“Spring” on Mount Washington: a photographer’s journey

Backpacking / Winter Sports

You can only take what Mount Washington gives you and the old rock pile was not in a generous mood this day.

Spring often brings some of the greatest contrasts between valley and summit of any point during the year. This past weekend provided a perfect example of almost unimaginable incongruity, for while valley temperatures climbed into the forties under clear skies, the summit of Mount Washington was enshrouded in a blizzard, with temperatures below zero and winds at times over 90 mph.

I was set to lead an overnight EduTrip on photography at the Mount Washington Observatory Saturday, which would provide participants a unique opportunity to experience these contrasts and all the power that the mountain can unleash up close and for an extended period. Preparations for the trip began almost a year ago, when I selected the last trip of the season to hedge against brutal cold temperatures, and allow the group to spend more time engaging in the landscape. But the mountain had other plans.

Eighteen inches of snow had fallen during the week prior, all under relatively light winds by the mountain’s standards. Now all that snow was on the move, creating a ground blizzard on the upper slopes. We put on an optimistic front to the group as we boarded the snowcat and began to ascend the road. The first four miles were easy travel. Snow fell lightly while the sun peaked in and out of racing clouds above.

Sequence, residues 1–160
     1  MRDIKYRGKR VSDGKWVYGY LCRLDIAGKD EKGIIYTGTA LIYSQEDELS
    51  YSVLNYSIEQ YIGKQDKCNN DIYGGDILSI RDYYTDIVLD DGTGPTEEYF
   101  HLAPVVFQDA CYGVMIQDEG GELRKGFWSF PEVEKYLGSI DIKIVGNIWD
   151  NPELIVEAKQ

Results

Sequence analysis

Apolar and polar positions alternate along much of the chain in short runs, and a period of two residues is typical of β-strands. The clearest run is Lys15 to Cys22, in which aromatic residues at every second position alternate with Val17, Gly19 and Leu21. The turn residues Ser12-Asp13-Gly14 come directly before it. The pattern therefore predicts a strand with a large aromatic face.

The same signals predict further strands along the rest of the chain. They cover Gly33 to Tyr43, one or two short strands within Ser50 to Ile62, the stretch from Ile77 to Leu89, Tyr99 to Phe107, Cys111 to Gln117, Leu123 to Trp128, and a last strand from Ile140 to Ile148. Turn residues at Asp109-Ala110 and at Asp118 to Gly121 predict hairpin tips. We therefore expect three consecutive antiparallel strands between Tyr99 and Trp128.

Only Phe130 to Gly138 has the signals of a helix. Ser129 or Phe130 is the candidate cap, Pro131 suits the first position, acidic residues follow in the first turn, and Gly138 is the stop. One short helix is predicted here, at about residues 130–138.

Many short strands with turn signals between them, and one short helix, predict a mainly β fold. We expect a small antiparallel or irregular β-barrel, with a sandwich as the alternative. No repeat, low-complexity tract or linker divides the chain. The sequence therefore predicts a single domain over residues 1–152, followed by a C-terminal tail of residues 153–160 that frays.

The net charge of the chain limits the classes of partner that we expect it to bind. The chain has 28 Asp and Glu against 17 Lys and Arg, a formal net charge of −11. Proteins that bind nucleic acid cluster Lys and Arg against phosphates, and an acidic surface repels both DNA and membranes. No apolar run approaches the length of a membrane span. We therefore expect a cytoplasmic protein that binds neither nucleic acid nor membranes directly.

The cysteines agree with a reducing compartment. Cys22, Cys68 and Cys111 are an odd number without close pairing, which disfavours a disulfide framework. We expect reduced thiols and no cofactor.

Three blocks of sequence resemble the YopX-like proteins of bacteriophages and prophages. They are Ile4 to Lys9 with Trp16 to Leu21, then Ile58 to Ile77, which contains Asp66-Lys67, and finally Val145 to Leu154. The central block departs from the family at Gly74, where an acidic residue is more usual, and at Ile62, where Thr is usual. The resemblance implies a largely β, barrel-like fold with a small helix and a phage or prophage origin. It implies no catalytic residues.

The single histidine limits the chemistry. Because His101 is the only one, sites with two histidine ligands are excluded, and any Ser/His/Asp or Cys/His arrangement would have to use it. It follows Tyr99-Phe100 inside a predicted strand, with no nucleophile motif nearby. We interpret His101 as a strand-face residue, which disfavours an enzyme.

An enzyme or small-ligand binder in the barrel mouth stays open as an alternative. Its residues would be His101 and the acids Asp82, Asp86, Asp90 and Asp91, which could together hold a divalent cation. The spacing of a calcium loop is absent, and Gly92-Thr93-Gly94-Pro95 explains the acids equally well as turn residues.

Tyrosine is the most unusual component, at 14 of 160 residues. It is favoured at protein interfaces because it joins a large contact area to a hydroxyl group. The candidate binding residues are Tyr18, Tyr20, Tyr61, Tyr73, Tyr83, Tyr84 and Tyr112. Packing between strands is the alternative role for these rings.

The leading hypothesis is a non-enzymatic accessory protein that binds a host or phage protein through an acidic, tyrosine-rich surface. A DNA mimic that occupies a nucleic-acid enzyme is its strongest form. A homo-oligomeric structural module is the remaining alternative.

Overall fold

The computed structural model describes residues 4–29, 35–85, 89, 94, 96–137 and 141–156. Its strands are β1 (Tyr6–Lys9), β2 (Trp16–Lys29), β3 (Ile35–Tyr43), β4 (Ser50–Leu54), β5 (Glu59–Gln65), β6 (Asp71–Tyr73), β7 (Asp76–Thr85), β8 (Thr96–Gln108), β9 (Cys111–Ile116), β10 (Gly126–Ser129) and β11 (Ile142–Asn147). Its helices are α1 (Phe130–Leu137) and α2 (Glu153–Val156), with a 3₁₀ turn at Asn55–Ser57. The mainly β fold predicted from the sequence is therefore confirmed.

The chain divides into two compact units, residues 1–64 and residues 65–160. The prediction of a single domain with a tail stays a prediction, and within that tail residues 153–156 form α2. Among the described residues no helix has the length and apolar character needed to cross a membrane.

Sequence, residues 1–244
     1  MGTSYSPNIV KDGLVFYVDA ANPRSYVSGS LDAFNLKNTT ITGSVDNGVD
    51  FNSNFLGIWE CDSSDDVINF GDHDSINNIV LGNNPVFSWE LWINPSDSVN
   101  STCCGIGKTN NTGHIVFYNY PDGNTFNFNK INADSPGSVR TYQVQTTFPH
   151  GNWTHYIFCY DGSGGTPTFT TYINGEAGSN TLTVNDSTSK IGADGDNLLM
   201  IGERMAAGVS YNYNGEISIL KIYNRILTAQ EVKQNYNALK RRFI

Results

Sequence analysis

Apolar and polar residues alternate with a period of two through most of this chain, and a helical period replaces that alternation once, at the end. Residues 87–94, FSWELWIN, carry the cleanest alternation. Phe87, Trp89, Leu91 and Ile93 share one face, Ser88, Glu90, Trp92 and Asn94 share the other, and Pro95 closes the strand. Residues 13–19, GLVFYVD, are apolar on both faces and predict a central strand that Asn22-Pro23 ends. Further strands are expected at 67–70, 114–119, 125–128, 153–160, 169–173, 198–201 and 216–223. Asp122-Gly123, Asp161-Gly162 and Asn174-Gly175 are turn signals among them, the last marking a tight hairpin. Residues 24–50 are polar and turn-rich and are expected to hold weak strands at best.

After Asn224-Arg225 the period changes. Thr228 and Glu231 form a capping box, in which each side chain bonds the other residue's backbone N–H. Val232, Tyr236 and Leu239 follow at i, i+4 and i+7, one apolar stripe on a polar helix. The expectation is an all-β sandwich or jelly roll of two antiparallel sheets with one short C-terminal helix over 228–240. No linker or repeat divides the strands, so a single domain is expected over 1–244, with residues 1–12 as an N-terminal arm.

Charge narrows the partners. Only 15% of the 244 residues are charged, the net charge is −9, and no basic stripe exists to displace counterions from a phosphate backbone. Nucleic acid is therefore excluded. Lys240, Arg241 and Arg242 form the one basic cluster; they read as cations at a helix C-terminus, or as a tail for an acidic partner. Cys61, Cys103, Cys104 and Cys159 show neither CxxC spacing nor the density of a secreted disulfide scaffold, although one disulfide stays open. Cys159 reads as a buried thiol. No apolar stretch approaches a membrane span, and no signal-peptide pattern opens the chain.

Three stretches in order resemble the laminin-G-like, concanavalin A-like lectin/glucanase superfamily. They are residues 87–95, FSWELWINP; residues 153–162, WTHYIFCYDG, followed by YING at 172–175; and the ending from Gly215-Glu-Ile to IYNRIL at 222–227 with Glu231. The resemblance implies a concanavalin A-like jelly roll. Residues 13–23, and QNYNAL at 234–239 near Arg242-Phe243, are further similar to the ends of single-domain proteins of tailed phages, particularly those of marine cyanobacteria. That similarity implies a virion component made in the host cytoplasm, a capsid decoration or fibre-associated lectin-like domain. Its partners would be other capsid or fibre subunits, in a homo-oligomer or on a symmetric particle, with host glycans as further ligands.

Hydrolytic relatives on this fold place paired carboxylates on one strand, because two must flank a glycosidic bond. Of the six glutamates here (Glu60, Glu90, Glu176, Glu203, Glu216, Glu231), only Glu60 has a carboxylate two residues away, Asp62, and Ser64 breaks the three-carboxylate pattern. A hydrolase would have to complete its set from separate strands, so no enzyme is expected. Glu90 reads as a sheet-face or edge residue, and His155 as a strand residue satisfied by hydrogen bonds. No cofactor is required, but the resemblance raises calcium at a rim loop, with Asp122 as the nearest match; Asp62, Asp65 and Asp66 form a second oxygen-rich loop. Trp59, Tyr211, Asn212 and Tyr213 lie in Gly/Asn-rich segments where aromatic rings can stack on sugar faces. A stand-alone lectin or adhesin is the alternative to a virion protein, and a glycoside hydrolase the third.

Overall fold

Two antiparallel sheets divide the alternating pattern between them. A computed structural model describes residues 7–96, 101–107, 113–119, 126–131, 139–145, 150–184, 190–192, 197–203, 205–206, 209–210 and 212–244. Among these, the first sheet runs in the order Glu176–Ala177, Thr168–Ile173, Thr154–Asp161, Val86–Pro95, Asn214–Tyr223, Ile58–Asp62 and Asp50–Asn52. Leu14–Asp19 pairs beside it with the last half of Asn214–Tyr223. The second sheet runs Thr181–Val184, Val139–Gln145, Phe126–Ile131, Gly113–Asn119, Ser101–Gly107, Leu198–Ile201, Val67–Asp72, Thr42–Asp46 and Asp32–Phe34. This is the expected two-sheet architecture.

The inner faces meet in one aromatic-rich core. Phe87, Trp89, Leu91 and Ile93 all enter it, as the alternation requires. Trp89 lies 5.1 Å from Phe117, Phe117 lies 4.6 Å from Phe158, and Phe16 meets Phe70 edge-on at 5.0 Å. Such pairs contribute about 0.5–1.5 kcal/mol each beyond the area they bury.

When we reached treeline, and the conditions instantly changed as the operator put the blade down to flatten out the drifts covering the road. The next mile took an hour as conditions worsened, and as we turned onto a point in the road known as Cragway, we knew the odds of making it to the summit would be slim. Coupled with 50mph winds now pointed at the windshield moving absurd amounts of snow down the mountain…and the decision to put safety first and turn around came easy. But we didn’t leave without allowing the participants to truly experience the rational for the decision. They all were impressed by the power of the mountain as they stepped out of the cat into a vacant landscape.

I dared not take my good camera out of the bag, and the first picture my cell phone snapped was just a blank white canvas, undoubtedly aimed away from the intended subject by a large gust. This was the second and only other shot, from atop a fourteen foot drift looking down towards the snowcat a mere ten feet away.

Conditions and stories like these are what draw people to Mount Washington, and why the Observatory is such an important institution recording and studying the weather at the top. I will wait until they predict a slightly nicer day though before I plan to visit again…

Jim Salge

Jim Salge is a nature photographer and avid outdoorsman based in southern New Hampshire, who is dedicated to capturing the beauty and power of the White Mountains in dramatic light and atmosphere. A former meteorologist at the Mount Washington Observatory, he volunteers as editor of the Observatory's web based photojournal. Currently he teaches high school science in Bedford, NH.  His photographic portfolio can be viewed at http://www.jimsalge.com

1 Comment

  1. March 30, 2011, 7:01 am

    It looks like Jim’s weekend was a rough one but it does speak to the human spirit that takes us from the comfort of our homes to push ourselves in such endeavors. Thanks for sharing Jim…

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